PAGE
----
We don’t talk about Medicare that often here, so in response to Dr. Donald May’s comments, I’ll point readers to what the Cato Handbook for Policy Makers has say about it. Here’s the summary table from the chapter (PDF) on Medicare.

Congress should

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  • establish, in all parts of Medicare, premiums proportionate to lifetime earnings;
  • allow seniors to opt out of Medicare completely, without losing Social Security benefits;
  • give Medicare enrollees a means-tested, risk-adjusted voucher with which they may purchase the health plan of their choice;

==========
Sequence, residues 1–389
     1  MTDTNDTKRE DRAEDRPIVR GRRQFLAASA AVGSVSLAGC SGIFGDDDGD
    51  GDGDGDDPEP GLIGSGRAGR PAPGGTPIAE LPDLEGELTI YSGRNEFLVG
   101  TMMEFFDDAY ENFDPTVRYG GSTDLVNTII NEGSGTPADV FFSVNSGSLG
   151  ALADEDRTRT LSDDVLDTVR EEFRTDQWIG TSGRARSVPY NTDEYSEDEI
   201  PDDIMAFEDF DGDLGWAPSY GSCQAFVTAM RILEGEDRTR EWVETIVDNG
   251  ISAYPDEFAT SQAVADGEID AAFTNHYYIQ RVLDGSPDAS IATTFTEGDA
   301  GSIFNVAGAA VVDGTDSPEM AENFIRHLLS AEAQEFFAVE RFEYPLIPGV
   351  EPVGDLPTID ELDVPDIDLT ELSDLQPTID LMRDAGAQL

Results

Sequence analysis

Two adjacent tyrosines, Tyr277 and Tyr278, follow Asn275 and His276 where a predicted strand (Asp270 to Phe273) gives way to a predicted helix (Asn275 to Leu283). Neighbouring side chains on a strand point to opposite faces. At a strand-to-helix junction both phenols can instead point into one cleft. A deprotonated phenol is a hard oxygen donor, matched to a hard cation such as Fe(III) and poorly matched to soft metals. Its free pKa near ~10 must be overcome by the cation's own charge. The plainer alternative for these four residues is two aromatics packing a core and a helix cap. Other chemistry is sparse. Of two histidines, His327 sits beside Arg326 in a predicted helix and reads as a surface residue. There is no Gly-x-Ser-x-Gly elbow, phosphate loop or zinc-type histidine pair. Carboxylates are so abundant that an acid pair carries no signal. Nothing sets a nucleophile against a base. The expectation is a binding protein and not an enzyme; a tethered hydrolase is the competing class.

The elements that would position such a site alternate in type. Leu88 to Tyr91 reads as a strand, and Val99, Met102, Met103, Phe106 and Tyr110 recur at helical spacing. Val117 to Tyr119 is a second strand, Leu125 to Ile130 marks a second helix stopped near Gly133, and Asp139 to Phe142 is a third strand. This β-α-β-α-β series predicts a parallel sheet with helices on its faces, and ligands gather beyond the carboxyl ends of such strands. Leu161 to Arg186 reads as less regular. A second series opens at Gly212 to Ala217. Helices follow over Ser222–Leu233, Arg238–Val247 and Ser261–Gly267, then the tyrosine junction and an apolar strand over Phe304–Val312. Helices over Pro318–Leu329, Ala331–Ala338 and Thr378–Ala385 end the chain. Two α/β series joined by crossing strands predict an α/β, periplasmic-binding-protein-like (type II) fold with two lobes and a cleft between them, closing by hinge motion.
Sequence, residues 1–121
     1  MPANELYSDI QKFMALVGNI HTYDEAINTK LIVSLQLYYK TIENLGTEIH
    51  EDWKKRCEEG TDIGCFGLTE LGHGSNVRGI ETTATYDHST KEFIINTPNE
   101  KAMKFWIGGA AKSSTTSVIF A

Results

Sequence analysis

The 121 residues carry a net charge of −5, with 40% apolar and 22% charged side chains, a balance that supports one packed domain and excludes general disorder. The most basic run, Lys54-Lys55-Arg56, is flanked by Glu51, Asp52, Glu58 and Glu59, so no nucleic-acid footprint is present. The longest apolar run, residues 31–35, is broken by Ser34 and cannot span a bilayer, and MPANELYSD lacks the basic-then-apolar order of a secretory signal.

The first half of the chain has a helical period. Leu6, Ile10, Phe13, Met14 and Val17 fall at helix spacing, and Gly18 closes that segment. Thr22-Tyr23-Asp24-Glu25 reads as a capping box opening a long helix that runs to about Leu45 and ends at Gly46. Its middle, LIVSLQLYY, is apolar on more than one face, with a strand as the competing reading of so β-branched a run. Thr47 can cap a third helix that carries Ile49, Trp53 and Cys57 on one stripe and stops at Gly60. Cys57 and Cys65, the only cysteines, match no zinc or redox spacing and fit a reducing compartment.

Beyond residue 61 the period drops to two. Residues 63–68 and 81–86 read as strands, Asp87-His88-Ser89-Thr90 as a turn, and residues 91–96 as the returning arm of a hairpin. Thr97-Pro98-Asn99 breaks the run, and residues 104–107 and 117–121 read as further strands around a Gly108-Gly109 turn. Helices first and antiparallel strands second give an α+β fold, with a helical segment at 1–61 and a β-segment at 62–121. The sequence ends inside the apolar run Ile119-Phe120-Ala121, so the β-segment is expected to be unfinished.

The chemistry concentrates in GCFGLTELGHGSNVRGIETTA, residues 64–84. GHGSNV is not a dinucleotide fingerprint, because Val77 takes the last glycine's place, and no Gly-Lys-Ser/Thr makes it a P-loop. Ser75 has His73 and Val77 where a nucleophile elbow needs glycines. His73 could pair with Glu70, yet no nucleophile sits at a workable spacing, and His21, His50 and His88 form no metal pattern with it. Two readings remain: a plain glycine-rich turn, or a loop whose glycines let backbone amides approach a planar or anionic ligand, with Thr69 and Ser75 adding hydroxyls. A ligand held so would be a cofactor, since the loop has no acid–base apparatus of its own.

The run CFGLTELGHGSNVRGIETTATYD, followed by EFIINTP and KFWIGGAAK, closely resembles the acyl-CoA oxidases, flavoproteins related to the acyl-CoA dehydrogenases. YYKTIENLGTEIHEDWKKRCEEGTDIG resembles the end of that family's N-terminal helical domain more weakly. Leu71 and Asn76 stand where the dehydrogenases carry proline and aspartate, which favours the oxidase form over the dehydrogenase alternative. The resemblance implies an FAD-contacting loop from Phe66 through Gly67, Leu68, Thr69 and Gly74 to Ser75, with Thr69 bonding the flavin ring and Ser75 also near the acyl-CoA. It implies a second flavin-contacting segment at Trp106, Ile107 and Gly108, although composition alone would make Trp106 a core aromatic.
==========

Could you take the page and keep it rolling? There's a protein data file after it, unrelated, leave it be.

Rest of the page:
• limit the growth of Medicare vouchers to the level of inflation;
  • allow workers to save their Medicare taxes in a personal, inheritable account dedicated to retirement health expenses; and
  • fund any “transition costs” by reducing other government spending, not by raising taxes.

Cato makes a convincing case that a great deal of what’s wrong with health care today lies with Medicare. How can it be otherwise when it is the single largest “insurer” in the country, having not only market clout but the force of law?

That said, the attempt to squeeze Medicare to pay for an expanded role for Medicaid and government generally shows the danger of relying on a public program for health care: Your program is only as strong as the designs of politicians will allow.

Cross-posted from State House Call.